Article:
What might your receipt from the grocery store say about your food preferences? A list of processed food might signal a desire or need for convenience. A list without meat or dairy could suggest an ethically-rooted diet. Food variety may speak to the technological and political circumstances of our time: with access to foods no longer confined to seasons or geography .
Such food politics are not confined to the human sphere. What animals eat is also defined by technological advancements, transnational policies, convenience, and ethics. My dissertation traces some of these decisions made by scientists, policymakers, feed companies, and farmers through the development of America’s animal feed industry from 1900 to today, particularly for the food of food animals like cattle. Feed receipts are important sources of historical evidence that help me piece together when farms integrated different feed products, revealing these preferences and various political dimensions from different farmers’ perspectives. As a recipient of a Hagley Exploratory Research Grant in 2017, I took the time to look at such farm records.
Luckily for me, both William du Pont (1855–1928) and William du Pont, Jr. (1896–1965) kept hundreds of receipts pertaining to their respective cattle and horse farms. Through these sources, I was able to trace not only the development of the du Ponts’ agricultural operations, but the maintenance and expansion of various animal feed companies – including Purina Mills – over the first half of the 20th century.
In my search for specifically mid-20th century feed receipts, the Foxcatcher Livestock Company Papers did not disappoint. Throughout the 1950's, William du Pont, Jr. experimented with different livestock feeds. He tried a specialty sweet mixing feed, invested in the latest “batch feed mixing” technology, and bought raw ingredients and hay from various companies across the country. The records support du Pont Jr.’s case that his farm was intended to be much more than a “hobby” operation, which was contested in federal court by the IRS when he claimed a loss on his taxes in 1960 .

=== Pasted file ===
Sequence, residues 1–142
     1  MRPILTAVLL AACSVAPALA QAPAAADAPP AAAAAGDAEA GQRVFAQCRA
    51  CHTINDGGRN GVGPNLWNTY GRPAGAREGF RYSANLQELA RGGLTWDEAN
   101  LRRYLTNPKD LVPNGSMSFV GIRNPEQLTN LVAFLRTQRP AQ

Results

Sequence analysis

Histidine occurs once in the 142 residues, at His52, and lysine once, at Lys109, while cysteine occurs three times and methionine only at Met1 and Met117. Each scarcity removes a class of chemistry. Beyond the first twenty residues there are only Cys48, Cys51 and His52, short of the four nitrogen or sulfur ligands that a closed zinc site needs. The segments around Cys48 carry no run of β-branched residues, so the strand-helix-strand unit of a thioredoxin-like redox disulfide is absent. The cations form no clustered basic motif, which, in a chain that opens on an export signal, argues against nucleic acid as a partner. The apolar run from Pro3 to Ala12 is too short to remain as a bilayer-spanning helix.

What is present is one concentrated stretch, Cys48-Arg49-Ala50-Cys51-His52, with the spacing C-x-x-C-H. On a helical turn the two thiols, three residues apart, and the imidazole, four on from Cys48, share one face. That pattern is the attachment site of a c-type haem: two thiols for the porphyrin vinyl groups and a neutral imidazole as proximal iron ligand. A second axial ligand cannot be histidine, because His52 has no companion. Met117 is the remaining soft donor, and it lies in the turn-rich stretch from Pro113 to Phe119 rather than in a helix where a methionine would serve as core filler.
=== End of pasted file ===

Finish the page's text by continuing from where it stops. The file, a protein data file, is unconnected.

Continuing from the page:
Much of my time at the archives was spent trying to decipher and unpack receipts like this one (above) from Clarke County Supply to Walnut Hall Farm. For example, it’s likely the 100-pound bag of Purina Startena was intended for calves, but the listing is unclear given “Startena” was made for “babies” across species – as illustrated in the above 1950 advertisement from a Pennsylvania newspaper. “Calf Manna” referenced the then Carnation Calf Manna brand; this brand advertised as a multi-species animal feed – for cows, goats, horses, and pigs. With dual purpose feeding in mind, the brand listed was likely fed to both du Pont, Jr.’s horses and cattle.
Additionally, stickers like the yellow chick on this receipt were used throughout the 20th century to advertise new feeds sold by a given supply company. Both the William du Pont and William du Pont, Jr. Collections carry receipts that range in sizes, colors, and images based on the advertising model of a given period and company. But this little piece of evidence from Clarke County Supply exhibits the versatility of this supplier, and the variety of products du Pont, Jr. had at his disposal from this location just down the road from Walnut Hall Farm. The farm animals of du Pont ate feeds coming from everywhere between Washington state (Carnation) and Lancaster County, Pennsylvania (Eshelman Feeds).
 See, for example, Susanne Friedberg. Fresh: A Perishable History. Cambridge: Harvard University Press, 2009.
 See also Donald Barlett and James Steele. America: Who Really Pays the Taxes? New York: Simon and Schuster, 1994. pp. 217-218
Nicole Welk-Joerger is a Ph.D. candidate in the University of Pennsylvania's History and Sociology of Science Program. Her current research focuses on human-animal relations in food production.